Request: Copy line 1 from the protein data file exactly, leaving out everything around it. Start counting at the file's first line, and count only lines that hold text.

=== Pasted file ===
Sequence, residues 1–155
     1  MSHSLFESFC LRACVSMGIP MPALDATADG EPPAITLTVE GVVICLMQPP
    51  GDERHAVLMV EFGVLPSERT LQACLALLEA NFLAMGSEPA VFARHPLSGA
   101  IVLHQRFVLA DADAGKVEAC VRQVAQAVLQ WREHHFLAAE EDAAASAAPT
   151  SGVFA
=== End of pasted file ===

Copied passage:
Sequence, residues 1–155